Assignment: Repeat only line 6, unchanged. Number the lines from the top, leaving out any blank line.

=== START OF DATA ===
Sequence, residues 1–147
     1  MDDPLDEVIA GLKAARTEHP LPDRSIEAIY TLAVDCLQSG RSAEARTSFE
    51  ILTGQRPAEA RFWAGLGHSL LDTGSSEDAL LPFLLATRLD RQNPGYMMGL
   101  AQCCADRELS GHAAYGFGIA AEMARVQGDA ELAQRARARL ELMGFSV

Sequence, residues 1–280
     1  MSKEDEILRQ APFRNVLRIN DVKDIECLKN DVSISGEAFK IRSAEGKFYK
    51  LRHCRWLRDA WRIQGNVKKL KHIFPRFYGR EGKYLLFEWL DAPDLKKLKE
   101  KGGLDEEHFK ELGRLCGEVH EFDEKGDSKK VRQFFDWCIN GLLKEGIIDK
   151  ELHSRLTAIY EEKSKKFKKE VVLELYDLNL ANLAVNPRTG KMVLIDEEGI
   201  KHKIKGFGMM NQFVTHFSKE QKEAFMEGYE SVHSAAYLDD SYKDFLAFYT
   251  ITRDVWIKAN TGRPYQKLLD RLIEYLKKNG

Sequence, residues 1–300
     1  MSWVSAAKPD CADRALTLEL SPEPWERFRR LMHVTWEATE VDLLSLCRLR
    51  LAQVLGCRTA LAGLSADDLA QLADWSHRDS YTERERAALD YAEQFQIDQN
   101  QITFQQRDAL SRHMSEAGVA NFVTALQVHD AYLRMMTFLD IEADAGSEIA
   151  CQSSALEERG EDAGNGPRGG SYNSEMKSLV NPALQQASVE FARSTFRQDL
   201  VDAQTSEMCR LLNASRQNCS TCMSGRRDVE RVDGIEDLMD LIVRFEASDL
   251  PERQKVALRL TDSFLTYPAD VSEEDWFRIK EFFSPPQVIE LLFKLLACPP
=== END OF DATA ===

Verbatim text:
     1  MSKEDEILRQ APFRNVLRIN DVKDIECLKN DVSISGEAFK IRSAEGKFYK